Every time some subject comes up in conversation which makes me twitch or sweat or want to pull away, THAT indicates a piece of gunk. Each time I want to fall back and use a comfortable and proven behavior routine to deal with a given moment, THAT indicates a piece of gunk.

      After one does enough work, you begin to see very clearly just how messy and automatic the people around you are. -These days, I find I am constantly aware of people's programs and little acts, why they work and what they are designed to do, and where people get stuck running those silly programs over and over day after day, year after year without ever stopping to ask, "What is the real me under this?". The soul is that part of us which is capable of recognizing the automatic nature of the brain and body and stepping in through an application of Will to interrupt the code execution.

      It's difficult and the ego doesn't like it at all; Any suggestion that one is a robot is usually met with disgust and fear, if the accusation is even understood in the first place. The Ego is, I think, a foreign installment designed exactly to keep us from performing that self-examination. With the Ego in place and strong, there is no hope of breaking out of the cage of automatic behavior.

      Like I said, a fascinating topic.

      -FL

      • Yeah, but your talk of "Ego" and "the soul" is all gobbledygook.

        • Re: (Score:3, Interesting)

          by Fantastic Lad (198284)

          Yeah, but your talk of "Ego" and "the soul" is all gobbledygook.

          Well, I didn't mean to suggest that YOUR computer was coded by a genius or that your hardware wasn't found in a box of rejects from the late 80's. You'll have to forgive your maker if you can't keep up.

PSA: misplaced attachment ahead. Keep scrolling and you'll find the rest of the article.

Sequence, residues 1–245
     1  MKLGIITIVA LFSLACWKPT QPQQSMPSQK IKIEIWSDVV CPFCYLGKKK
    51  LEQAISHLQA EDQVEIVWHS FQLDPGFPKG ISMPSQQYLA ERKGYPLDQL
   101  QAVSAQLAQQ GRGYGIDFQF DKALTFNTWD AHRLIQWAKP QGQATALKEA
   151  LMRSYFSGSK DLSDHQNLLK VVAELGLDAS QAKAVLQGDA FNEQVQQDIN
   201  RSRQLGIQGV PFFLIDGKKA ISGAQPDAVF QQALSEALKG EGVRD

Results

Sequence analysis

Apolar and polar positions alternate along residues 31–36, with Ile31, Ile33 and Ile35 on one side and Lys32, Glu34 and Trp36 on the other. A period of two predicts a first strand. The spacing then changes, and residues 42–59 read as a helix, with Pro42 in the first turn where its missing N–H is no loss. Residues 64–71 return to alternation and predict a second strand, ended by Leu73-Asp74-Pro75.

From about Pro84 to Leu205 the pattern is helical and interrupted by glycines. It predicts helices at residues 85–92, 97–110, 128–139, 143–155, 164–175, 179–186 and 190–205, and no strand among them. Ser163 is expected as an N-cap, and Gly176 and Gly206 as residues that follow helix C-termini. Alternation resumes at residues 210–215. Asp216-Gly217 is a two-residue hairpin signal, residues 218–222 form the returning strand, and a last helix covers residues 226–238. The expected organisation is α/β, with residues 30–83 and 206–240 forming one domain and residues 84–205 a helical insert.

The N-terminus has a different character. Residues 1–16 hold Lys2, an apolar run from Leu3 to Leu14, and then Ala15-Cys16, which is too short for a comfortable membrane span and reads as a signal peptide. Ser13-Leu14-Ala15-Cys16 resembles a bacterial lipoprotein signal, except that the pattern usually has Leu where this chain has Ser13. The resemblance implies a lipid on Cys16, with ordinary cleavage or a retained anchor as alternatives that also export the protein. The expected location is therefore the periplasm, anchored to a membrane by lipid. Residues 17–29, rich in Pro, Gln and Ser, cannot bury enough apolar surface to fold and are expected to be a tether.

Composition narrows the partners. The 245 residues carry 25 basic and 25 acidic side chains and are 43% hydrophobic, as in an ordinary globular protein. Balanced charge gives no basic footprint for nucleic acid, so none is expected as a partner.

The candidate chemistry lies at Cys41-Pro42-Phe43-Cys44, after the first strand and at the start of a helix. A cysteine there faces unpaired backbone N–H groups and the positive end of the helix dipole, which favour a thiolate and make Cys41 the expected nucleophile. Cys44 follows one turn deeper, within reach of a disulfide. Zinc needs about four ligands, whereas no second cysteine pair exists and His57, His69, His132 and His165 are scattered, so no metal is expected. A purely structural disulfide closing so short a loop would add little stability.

As for the soul. . . Well, that's not a winnable debate one way or the other, so your call of 'gobbledygook' is no more or less useful.

          That being said, did you feel a stab of irritation upon completing the first sentence? The ego would have been the item making that particular sensation. Sorry. It was just

  • Twilight (Score:3, Interesting)

    by serps (517783) on Thursday January 28, 2010 @01:38AM (#30929972) Homepage
    This article reminds me of the short story Twilight [wikipedia.org] by John W. Campbell. I read it when I was a kid and it left a lasting impression that, should humans lose their curiosity, the striving for knowledge might yet continue.

    And then when I read about the current state of the education system, I get just a bit worried...

  • by shadowbearer (554144) on Thursday January 28, 2010 @01:54AM (#30930048) Homepage Journal

    'is to build an optimal scientist, then retire.'

      Build a what?

      I suspect it's already retirement time. No offense.

    SB

  • 10: CALL Monolith
    20: PRAISE Monolith
    30: GOTO 50
    40: Understand Monolith
    50: Satiated = CALL Curiosity
    60: IF Satiated > Infinity GOTO 40
    70: ELSE GOTO 50

  • To paraphrase Arthur C. Clarke's third law [wikipedia.org]:

    Any sufficiently advanced technology is indistinguishable from Perl.

  • Our greatest gift to god will be creating a mind that can believe in him.

    Why is it that AI research is always mislead by it's name? Namely they are